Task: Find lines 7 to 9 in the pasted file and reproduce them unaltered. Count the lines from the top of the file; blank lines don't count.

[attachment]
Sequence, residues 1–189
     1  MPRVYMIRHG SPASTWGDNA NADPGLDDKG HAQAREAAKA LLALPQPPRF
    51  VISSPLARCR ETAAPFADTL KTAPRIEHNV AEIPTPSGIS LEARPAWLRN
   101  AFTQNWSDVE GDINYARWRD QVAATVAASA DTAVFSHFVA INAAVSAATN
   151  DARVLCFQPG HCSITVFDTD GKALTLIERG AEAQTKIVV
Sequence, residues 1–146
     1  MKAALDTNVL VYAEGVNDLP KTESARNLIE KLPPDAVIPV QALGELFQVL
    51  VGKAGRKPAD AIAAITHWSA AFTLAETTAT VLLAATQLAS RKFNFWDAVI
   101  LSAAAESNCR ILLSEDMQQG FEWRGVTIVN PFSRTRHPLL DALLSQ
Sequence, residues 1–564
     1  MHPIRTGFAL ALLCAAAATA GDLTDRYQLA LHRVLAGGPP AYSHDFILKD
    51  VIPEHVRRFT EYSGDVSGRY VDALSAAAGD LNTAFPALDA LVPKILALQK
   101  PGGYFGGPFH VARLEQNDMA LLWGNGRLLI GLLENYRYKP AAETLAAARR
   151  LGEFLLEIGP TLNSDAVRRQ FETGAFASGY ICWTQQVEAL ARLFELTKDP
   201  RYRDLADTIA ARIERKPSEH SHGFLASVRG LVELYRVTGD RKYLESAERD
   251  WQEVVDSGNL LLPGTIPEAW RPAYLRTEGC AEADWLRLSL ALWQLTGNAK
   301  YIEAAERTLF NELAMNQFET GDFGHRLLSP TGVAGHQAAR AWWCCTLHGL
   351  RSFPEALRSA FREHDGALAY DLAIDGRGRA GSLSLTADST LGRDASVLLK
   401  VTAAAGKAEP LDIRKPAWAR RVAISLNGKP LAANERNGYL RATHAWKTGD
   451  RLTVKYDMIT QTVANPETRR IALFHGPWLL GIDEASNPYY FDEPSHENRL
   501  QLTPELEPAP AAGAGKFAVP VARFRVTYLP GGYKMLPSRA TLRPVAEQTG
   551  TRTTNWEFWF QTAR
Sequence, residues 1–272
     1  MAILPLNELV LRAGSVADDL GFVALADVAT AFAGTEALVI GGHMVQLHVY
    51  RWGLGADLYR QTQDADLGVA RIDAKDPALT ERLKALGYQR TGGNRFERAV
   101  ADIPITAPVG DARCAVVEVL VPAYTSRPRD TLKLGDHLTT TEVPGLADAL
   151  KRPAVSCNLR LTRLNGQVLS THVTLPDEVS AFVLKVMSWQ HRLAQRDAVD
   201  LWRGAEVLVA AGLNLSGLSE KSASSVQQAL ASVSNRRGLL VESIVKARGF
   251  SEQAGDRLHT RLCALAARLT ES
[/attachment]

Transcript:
     1  MKAALDTNVL VYAEGVNDLP KTESARNLIE KLPPDAVIPV QALGELFQVL
    51  VGKAGRKPAD AIAAITHWSA AFTLAETTAT VLLAATQLAS RKFNFWDAVI
   101  LSAAAESNCR ILLSEDMQQG FEWRGVTIVN PFSRTRHPLL DALLSQ